Canada’s continued investments in these shifting techniques of transparency evidence the savvy persistence and proliferation of tactics of Indigenous resurgence and refusal. With each new press release from the current Trudeau government, settlers are asked to buy into and help perform the sincerity and efficacy of the Canadian state’s claims to transparent modernity and justice. Just as the TD Towers allowed Toronto to position itself in 1969 as a modern powerhouse city, contemporary governmental investments in these same architectures of transparency only allow us to see the colonial nation’s fantasy version of itself. Rather than ask more of Indigenous resurgence, I think we need to continue to ask more from (especially white) settlers working towards anti-colonial goals – Canadian whiteness needs to divest from discourses and architectures of transparency and the ongoing colonial (il)logics and violences they house and hide in plain sight.


[1] Justin Trudeau, “Remarks by the Prime Minister in the House of Commons on the Recognition and Implementation of Rights Framework,” Prime Minister of Canada, February 16, 2018,

[2] Trudeau.

[3] Audra Simpson, Mohawk Interruptus: Political Life across the Borders of Settler States (Durham N.C.: Duke University Press, 2014); Glen Coulthard, Red Skin, White Masks: Rejecting the Colonial Politics of Recognition (Minneapolis, MN: University of Minnesota Press Minneapolis, 2014).

[4] FLAP, “Homes Safe For Birds – BirdSafe,” BirdSafe (blog), accessed January 30, 2019,

[5] Emmanuel Alloa and Dieter Thomä, “Transparency: Thinking Through an Opaque Concept,” in Transparency, Society and Subjectivity, ed. Emmanuel Alloa and Dieter Thomä (Cham, Switzerland: Palgrave Macmillan, 2018), 2,

[6] Ludwig Mies van der Rohe, The Artless Word: Mies van Der Rohe on the Building Art, ed. Fritz Neumeyer, trans. Mark Jarzombek (Cambridge, MA: The MIT Press, 1991), 240.

[7] Mies van der Rohe, 243.

[8] Aileen Moreton-Robinson, The White Possessive: Property, Power, and Indigenous Sovereignty (Minneapolis, MN: University of Minnesota Press, 2015); Charles W. Mills, The Racial Contract (Ithaca, NY: Cornell University Press, 1997); Denise Ferreira Da Silva, Toward a Global Idea of Race (Minneapolis, MN: University of Minnesota Press, 2007).

[9] Mies van der Rohe, 314.

[10] Mies van der Rohe, 301.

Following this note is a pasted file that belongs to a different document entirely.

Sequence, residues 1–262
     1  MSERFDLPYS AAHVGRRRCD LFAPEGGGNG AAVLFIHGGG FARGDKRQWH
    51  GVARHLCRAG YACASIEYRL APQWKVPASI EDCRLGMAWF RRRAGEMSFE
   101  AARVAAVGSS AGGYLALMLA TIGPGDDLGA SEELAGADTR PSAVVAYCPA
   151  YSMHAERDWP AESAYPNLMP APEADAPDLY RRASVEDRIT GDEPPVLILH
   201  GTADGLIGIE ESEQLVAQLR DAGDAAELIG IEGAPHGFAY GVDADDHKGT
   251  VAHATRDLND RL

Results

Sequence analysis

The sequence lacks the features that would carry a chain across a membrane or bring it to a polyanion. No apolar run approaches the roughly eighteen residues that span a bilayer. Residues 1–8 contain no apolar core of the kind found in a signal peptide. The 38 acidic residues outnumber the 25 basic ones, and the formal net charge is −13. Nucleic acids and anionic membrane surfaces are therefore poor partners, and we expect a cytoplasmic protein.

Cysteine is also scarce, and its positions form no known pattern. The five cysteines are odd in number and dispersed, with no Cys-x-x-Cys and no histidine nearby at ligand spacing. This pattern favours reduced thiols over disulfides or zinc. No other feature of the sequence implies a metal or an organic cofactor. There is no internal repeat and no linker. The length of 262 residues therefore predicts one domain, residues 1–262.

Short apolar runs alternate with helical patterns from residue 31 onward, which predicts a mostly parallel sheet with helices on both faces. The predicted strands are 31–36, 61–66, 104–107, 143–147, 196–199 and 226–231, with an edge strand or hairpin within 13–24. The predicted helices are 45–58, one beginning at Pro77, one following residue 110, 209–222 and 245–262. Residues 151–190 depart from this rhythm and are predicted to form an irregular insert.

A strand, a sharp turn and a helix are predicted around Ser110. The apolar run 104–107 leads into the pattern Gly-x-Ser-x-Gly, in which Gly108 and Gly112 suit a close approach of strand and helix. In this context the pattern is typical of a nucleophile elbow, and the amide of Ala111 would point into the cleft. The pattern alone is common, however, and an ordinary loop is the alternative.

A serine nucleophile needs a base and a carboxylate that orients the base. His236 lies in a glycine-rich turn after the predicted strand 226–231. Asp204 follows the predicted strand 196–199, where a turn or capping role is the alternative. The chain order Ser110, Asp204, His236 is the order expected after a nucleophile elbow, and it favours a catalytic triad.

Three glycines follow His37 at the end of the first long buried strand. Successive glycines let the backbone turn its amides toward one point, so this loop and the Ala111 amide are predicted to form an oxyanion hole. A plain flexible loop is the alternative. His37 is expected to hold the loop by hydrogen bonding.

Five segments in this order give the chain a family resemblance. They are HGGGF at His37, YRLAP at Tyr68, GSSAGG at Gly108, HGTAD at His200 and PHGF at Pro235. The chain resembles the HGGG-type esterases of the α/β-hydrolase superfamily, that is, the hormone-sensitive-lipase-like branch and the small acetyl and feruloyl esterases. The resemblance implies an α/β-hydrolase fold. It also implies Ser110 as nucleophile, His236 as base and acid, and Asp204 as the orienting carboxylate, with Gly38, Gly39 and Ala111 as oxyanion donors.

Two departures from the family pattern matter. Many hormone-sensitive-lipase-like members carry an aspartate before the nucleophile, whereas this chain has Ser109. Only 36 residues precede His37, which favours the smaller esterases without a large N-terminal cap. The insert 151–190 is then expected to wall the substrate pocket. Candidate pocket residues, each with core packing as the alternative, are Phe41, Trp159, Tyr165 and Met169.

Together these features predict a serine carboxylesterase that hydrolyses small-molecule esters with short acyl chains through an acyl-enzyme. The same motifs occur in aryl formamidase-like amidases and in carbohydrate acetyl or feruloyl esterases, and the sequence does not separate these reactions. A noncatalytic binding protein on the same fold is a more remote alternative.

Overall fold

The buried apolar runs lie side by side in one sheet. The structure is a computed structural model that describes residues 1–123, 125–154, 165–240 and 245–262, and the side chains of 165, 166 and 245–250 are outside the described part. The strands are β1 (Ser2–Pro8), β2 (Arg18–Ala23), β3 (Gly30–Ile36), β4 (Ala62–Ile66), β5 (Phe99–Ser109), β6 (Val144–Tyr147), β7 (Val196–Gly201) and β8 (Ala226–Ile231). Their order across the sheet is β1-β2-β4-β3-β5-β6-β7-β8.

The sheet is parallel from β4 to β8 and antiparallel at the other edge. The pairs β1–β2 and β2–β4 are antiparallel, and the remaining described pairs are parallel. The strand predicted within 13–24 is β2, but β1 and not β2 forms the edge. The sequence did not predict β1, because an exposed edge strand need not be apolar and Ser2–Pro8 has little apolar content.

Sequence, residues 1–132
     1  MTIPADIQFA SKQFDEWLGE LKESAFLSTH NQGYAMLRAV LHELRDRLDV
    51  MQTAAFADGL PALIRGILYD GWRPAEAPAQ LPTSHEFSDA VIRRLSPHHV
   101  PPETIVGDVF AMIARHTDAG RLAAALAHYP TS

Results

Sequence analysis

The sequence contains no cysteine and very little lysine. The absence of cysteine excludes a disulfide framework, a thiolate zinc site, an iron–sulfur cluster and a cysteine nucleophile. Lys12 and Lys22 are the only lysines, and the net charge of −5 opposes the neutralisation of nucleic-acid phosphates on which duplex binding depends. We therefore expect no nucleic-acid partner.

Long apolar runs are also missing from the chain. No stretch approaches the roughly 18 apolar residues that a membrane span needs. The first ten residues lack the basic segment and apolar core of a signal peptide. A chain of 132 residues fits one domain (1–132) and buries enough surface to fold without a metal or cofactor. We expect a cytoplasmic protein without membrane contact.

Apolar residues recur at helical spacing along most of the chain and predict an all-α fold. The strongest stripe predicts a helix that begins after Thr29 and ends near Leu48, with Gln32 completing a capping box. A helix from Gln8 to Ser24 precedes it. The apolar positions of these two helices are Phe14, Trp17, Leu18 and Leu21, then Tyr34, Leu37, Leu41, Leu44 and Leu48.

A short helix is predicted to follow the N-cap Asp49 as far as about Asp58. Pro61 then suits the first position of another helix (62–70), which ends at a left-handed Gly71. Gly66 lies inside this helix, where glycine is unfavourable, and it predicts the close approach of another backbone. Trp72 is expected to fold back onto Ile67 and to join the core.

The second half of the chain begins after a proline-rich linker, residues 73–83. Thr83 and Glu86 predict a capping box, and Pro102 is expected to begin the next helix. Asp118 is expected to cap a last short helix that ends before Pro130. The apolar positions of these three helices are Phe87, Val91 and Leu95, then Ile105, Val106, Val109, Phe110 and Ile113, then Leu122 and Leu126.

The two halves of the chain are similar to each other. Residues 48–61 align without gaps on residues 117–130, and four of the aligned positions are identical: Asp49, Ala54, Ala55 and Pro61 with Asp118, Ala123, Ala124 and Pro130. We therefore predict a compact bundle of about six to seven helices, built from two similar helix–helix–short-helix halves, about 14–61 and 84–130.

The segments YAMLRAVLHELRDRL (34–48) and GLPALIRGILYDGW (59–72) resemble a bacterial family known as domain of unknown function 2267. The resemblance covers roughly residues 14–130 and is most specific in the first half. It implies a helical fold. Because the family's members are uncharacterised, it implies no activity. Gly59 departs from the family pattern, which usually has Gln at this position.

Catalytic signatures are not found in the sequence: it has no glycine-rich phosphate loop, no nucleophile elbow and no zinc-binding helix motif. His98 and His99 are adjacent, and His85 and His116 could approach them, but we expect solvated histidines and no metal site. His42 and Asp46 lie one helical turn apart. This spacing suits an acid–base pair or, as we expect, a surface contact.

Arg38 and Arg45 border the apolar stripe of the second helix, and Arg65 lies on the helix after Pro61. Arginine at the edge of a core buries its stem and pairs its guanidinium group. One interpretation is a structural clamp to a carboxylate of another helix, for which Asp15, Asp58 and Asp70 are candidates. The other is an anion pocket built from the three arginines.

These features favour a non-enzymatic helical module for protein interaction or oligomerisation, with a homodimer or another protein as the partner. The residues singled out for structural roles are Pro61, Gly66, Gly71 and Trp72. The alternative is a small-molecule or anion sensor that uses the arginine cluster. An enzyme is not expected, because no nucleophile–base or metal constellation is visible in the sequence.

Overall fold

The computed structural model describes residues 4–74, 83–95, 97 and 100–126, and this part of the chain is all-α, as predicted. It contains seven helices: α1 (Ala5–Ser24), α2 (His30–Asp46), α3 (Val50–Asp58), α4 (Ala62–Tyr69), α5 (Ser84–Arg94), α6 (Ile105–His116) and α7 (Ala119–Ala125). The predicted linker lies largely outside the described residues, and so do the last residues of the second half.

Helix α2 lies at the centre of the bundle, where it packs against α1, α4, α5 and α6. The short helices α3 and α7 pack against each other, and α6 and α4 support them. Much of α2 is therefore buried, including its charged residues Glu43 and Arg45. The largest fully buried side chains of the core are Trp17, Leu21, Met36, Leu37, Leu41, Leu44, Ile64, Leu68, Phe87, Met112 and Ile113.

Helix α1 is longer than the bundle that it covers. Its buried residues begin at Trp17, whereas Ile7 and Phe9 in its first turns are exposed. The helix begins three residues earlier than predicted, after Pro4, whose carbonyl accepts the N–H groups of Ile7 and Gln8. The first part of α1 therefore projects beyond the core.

[11] INAC [Indian and Northern Affairs Canada], “Statement of the Government of Canada on Indian Policy, 1969 [White Paper]” (Indian and Northern Affairs, Government of Canada, 1969).

[12] Harold Cardinal, The Unjust Society (Vancouver, BC: Douglas & McIntyre, 1969), 1.

[13] INAC [Indian and Northern Affairs Canada], “Statement of the Government of Canada on Indian Policy, 1969 [White Paper],” 5.

[14] Indian Chiefs of Alberta, “Citizens Plus [Red Paper]” (Edmonton, AB: Indian Association of Alberta, 1970), 190.

[15] Sara Ahmed, On Being Included: Racism and Diversity in Institutional Life (Durham, NC: Duke University Press, 2012), 26.

[16] Ahmed, 156.

[17] See Aileen Moreton-Robinson, The White Possessive: Property, Power, and Indigenous Sovereignty (Minneapolis, MN: University of Minnesota Press, 2015); Charles W. Mills, The Racial Contract (Ithaca, NY: Cornell University Press, 1997); Denise Ferreira Da Silva, Toward a Global Idea of Race (Minneapolis, MN: University of Minnesota Press, 2007).

[18] Mark Rifkin, Settler Common Sense: Queerness and Everyday Colonialism in the American Renaissance (Minneapolis, MN: University of Minnesota Press, 2014), xv.

[19]Patrick Wolfe, “Settler Colonialism and the Elimination of the Native,” Journal of Genocide Research 8, no. 4 (December 1, 2006): 388,

[20] Eve Tuck and K. Wayne Yang, “Decolonization Is Not a Metaphor,” Decolonization: Indigeneity, Education & Society 1, no. 1 (2012): 5.

[21] Tiffany Lethabo King, “Humans Involved: Lurking in the Lines of Posthumanist Flight,” Critical Ethnic Studies 3, no. 1 (2017): 164,

[22] Emmanuel Alloa and Dieter Thomä, eds., Transparency, Society and Subjectivity: Critical Perspectives (Cham, Switzerland: Palgrave Macmillan, 2018).

[23] Clare Birchall, “Radical Transparency?,” Cultural Studies-Critical Methodologies 14, no. 1 (2014): 62.

[24] Clare Birchall, “‘Data. Gov-in-a-Box’ Delimiting Transparency,” European Journal of Social Theory 18, no. 2 (2015): 185.

[25] Rachel Hall, The Transparent Traveler: The Performance and Culture of Airport Security (Durham N.C.: Duke University Press, 2015), 18.

[26] Aaron Hutchins, “Your Mall Is Watching You” MacLeans, November 1, 2018,

[27] Shoshana Magnet, When Biometrics Fail: Gender, Race, and the Technology of Identity (Durham N.C.: Duke University Press, 2011).

[28] Ryan White, “Kiosks That Provide and Collect Information Concern Shoppers at Calgary Malls,” CTV News Calgary, July 26, 2018,